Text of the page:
January 2015, about a year into my drumming journey. This is one of the very few pictures I have of myself when I started learning drums and you can still feel the shyness through the camera. And no, I didn't know what a 'haircut' was then.
  • Sharing stuff is good: Documenting stuff and sharing it is underrated. Very, underrated. More on this here - but basically, as both a learning tool and a way to share joy with other people, documenting stuff is such an easy and accessible way to create cool things. One of my favourite creators Ali Abdaal, has a good way of explaining this here.
  • To conquer my personal self-sharing shyness: There've been so many points in the first 9 years of learning drums that I wanted to share or post stuff online, but I never did. Why? Honestly just a combination of shyness and feeling a sense of imposter syndrome. Nothing is more intimidating than sharing creative or artistic endeavours. There's always someone out there more talented, more popular, more skillful. But then it occured to me, this is exactly why I should share it. How many people are out there wanting to pick up something creative but scared of looking like a fool amongst the sea of gurus and musical prodigies? It's certainly not just me. I'm not an expert, I honestly wouldn't even consider myself a musician. But I do love drumming and learning, and that is worth sharing in itself. In a bigger sense, this is the purpose of WIP; to highlight the journey, not just the finished product.
  • For improvement: If the first 9 years of playing were so undisciplined that they were anti-WIP, well now I'm at a point now that I need to start being more analytical and structured if I want to keep making consistent improvements. It's this drive to improve my game for which sharing my thoughts, musings and analysis should fit a medium like WIP perfectly.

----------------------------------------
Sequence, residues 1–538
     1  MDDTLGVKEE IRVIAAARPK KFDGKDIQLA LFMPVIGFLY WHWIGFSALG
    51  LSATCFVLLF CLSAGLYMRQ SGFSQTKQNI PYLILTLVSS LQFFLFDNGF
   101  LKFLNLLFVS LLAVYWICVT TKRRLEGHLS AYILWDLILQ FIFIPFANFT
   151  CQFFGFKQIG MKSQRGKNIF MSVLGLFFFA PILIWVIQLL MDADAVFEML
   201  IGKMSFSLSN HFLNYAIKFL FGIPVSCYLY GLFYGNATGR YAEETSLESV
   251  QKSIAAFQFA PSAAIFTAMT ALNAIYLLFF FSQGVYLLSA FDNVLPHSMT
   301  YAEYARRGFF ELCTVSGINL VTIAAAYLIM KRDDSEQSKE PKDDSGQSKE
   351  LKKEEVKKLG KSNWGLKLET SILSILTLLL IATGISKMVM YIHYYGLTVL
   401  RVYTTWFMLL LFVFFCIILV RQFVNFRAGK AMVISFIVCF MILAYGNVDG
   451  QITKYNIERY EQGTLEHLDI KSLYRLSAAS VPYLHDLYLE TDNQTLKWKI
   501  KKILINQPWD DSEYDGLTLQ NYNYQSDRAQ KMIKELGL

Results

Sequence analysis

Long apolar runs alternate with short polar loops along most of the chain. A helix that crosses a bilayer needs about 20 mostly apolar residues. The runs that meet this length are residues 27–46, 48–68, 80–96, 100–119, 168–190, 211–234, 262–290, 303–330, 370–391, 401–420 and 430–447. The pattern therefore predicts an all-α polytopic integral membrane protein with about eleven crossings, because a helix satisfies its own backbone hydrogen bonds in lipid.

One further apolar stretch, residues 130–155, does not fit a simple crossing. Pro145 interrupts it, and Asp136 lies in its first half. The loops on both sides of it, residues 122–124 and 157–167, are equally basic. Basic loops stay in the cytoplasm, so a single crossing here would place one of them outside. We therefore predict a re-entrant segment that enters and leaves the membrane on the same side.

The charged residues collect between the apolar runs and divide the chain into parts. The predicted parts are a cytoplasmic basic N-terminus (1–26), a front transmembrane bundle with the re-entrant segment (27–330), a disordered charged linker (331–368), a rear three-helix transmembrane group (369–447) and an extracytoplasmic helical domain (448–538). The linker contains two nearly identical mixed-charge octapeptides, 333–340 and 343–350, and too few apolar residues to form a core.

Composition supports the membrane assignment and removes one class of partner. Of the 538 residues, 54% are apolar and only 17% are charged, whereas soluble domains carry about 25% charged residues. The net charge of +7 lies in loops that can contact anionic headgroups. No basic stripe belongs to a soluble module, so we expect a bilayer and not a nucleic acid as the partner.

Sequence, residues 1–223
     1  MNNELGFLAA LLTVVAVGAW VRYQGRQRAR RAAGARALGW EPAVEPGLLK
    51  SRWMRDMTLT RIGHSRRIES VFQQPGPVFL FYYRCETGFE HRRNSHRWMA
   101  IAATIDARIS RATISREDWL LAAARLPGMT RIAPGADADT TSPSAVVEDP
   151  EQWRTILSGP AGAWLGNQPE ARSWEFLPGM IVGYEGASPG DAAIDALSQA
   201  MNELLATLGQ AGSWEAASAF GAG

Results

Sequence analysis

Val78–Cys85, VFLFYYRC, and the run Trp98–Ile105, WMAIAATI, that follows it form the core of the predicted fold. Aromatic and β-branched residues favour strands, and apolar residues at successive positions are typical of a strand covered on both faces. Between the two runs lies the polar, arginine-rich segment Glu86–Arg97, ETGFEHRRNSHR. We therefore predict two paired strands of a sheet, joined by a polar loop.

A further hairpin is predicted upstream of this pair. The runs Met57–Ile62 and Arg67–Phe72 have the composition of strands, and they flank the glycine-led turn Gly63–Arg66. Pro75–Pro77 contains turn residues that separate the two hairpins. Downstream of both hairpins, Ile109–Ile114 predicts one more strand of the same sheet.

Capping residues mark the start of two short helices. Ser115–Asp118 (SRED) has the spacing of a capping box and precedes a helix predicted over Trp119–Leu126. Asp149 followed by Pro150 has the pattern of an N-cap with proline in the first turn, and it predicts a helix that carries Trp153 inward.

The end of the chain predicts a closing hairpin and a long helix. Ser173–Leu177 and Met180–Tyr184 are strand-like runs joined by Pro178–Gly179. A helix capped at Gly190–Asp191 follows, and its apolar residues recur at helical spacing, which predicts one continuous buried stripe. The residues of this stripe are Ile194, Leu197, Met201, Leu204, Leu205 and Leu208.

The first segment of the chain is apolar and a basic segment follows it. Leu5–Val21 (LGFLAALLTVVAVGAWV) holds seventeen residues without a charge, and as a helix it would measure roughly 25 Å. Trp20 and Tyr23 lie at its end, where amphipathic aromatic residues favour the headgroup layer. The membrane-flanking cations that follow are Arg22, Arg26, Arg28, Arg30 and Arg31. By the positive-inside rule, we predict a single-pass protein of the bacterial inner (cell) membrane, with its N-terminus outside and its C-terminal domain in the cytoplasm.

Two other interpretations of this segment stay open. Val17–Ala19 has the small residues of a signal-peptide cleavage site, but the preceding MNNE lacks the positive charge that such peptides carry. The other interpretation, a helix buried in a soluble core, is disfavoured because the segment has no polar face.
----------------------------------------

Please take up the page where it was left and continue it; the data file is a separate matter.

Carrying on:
• Accountability: what better way to improve myself than putting my playing through the brutal funnel of posting it online? Obviously this approach can lead to being toxically self-critical very easily, so my plan is, by virtue of having to re-watch, edit, and sync my videos, analyse how I play and pick out areas I can improve on in a constructive way.

What are my goals with sharing my drumming journey on WIP?

All of this begs the question: do I have a set goal for what I want to achieve?

And interestingly enough, no. While I do want to have more a more structured, disciplined and analytical approach to drumming from now on, I don't have a set 'goal', milestone or deadline in mind.

I'm not setting out to become a professional musician or even a gigging musician, although I have no doubt I'll be getting more involved in performances now that I begin to share more of myself online. There's no song, exercise, or other objective test that I could achieve that will say 'I've made it'.

So in terms of goals, what I can say is - I want to keep improving my creativity, technique, musicianship - but enjoyment comes first and foremost.

And this I think is the beauty of drums and how it fits into the 'portfolio' of other things I decided to learn on WIP. Learning things and picking up hobbies doesn't always have to be about setting strict goals. To this point in my life, drums has filled the role of the hobby that doesn't have to be disciplined - and in the world of constant productivity, goal setting and burnout, I think we could all benefit from appreciating this type of hobby more.